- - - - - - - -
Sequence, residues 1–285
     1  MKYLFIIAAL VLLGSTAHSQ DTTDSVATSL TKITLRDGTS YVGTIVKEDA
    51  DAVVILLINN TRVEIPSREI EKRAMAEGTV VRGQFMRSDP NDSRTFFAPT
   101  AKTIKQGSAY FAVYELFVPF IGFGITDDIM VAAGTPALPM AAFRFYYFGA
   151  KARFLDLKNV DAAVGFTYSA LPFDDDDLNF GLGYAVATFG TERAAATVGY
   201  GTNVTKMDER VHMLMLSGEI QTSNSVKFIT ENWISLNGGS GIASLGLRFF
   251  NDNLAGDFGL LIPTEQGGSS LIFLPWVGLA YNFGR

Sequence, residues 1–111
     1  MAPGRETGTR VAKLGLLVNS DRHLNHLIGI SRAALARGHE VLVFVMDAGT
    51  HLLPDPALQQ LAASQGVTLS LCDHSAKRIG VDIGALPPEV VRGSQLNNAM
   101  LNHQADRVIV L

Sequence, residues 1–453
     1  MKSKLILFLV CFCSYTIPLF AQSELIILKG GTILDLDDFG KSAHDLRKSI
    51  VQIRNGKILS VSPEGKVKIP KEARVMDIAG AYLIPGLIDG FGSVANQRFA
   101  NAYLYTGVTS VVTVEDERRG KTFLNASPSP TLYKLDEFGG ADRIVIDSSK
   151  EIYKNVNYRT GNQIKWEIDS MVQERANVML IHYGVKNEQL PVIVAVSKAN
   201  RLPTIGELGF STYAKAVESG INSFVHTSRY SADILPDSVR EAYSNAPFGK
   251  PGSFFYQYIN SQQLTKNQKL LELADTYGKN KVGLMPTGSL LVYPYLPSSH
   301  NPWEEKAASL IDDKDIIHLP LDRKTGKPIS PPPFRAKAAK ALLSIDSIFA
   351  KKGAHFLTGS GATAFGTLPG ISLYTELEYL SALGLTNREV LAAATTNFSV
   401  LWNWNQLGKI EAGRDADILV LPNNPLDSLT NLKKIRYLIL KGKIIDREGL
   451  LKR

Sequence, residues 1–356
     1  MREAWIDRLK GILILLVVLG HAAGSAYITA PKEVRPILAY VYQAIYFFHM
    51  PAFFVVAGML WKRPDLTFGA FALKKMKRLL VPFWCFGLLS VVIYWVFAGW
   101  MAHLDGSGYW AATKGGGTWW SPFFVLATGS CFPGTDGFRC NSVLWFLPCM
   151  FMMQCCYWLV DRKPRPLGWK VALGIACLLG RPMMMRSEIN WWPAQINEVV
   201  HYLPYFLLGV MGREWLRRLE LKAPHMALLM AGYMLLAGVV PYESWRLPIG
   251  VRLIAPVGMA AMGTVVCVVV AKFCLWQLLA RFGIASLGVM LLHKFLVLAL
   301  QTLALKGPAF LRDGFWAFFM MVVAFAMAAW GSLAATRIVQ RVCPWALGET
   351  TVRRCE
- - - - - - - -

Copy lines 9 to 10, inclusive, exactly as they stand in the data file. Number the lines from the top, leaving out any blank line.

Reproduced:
     1  MAPGRETGTR VAKLGLLVNS DRHLNHLIGI SRAALARGHE VLVFVMDAGT
    51  HLLPDPALQQ LAASQGVTLS LCDHSAKRIG VDIGALPPEV VRGSQLNNAM